The careening falsetto of Hawaiian music wafts through my open windows and the neighbor’s static radio blares in the breeze. All I want to do is sleep, and I spy the blue skies from the jalousies and the rip of my sheer curtains. It was supposed to rain, but trade winds have shifted and now vog hovers over the island. The last strum of the acoustic guitar rings and a cheesy broadcaster introduces another outdated song from two decades ago.
So this is paradise. I call this place home.
In the distance, a siren reels and a helicopter flies too low over the roof of my house. I should probably be at the beach, but I’m not. When have I become so cynical? When have I embraced this depression that has so long veiled my life?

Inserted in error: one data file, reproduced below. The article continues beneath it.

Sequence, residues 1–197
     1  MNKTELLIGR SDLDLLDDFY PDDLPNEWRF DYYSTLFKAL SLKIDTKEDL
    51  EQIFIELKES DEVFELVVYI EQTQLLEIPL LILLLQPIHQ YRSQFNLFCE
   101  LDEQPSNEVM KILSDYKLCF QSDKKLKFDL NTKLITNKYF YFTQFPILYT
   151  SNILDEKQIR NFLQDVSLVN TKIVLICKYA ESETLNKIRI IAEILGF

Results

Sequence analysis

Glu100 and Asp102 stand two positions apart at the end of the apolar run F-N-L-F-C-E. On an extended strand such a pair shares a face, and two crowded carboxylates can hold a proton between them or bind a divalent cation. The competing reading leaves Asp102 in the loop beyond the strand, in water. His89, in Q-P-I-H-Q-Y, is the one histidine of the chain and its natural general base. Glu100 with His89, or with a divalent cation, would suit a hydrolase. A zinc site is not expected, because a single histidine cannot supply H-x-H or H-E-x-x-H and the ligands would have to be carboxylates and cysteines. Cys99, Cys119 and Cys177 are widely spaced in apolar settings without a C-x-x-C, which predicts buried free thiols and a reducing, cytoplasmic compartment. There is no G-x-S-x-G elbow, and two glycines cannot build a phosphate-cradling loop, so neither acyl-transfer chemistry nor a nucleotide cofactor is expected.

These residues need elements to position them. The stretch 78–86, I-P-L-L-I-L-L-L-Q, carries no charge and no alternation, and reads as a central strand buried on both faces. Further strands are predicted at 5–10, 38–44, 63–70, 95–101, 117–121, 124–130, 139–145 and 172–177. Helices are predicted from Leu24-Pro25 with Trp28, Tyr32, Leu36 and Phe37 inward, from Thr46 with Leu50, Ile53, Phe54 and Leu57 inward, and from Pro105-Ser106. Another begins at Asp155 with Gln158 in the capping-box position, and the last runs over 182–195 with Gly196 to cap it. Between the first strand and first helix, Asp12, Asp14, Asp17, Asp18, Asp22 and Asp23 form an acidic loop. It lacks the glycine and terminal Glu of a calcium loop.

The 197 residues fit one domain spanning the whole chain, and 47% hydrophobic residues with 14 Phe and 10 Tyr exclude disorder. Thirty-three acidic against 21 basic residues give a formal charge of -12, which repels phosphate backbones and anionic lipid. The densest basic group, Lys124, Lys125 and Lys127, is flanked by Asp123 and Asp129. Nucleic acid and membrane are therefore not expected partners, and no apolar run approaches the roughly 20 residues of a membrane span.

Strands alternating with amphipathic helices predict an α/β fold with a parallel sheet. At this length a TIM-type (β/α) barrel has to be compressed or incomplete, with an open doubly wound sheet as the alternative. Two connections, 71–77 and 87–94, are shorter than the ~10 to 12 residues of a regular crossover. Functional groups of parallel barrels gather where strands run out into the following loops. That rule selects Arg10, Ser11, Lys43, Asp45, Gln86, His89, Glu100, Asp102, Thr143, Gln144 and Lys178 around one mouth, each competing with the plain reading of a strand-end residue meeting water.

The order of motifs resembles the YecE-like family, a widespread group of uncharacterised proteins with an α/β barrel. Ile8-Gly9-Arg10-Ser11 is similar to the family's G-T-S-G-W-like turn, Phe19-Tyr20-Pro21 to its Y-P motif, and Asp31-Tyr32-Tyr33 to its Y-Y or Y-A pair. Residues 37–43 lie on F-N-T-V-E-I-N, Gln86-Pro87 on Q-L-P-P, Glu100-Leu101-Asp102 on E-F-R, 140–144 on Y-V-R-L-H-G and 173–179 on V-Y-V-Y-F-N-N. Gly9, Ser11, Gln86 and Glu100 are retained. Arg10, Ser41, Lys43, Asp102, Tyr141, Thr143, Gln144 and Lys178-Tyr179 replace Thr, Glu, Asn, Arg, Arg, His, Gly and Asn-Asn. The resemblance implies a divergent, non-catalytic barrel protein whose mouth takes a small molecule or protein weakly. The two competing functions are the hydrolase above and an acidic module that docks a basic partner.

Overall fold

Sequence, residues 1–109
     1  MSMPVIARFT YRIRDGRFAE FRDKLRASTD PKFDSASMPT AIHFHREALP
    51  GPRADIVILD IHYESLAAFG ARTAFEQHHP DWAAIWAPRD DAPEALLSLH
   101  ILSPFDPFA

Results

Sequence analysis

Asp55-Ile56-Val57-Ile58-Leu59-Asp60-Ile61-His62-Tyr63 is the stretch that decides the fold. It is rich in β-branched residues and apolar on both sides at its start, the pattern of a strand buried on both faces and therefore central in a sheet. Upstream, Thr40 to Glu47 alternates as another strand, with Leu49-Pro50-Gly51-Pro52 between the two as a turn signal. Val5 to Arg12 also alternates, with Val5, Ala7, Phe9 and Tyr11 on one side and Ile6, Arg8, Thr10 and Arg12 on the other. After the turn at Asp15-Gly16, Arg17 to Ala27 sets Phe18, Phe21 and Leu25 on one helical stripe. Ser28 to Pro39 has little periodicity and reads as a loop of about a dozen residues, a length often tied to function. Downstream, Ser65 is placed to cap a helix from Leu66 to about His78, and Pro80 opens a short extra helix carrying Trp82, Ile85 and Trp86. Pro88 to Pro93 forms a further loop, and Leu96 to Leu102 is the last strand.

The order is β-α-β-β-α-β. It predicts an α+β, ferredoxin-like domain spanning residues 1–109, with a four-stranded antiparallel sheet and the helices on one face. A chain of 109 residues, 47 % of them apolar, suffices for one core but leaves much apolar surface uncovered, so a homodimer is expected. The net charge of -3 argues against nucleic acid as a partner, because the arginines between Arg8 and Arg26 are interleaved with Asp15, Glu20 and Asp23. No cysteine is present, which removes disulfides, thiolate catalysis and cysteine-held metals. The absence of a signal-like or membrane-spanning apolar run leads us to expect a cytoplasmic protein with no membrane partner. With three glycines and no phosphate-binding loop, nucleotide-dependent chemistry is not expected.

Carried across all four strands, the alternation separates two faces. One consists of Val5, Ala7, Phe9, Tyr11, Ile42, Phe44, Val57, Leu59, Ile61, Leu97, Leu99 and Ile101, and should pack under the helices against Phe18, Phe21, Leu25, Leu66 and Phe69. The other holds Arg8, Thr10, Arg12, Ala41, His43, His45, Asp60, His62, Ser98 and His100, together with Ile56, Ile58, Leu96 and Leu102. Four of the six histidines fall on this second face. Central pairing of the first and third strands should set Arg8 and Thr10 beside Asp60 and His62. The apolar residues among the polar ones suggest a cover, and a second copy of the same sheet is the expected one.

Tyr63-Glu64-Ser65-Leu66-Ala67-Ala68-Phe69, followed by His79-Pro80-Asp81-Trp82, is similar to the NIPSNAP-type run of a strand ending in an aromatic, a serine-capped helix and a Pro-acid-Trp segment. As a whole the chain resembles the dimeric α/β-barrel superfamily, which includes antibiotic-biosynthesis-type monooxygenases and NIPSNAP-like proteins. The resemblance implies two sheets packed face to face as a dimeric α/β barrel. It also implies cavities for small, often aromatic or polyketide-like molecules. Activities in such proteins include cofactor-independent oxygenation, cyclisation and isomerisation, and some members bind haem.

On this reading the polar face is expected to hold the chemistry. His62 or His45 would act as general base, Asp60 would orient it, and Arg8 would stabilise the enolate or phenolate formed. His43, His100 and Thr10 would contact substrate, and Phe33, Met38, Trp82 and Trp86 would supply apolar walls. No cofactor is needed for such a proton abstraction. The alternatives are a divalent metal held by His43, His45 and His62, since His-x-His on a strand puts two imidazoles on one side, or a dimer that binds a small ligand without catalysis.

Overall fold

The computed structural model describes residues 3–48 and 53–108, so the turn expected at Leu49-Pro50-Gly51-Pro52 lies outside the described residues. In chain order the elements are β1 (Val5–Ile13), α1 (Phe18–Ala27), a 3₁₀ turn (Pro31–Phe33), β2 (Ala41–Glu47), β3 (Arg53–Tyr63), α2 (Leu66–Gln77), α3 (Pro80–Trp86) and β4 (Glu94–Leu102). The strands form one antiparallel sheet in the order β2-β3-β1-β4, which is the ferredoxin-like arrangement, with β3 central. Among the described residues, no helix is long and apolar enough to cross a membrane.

When I lived in San Francisco, I loved the fog. Driving down the 280 alongside the coast felt free especially hitting the highlight beams of the car through the thickness of density. In contrast, this island, is bright and sunny. Instead of covering up in layers, the sun forces one to shed of the facade and exposes yourself near nakedness. Vulnerable. And thoughts of getting bikini-ready for summer adds another layer of stress. Not really.
But I am still here. Nothing has changed. I am still me.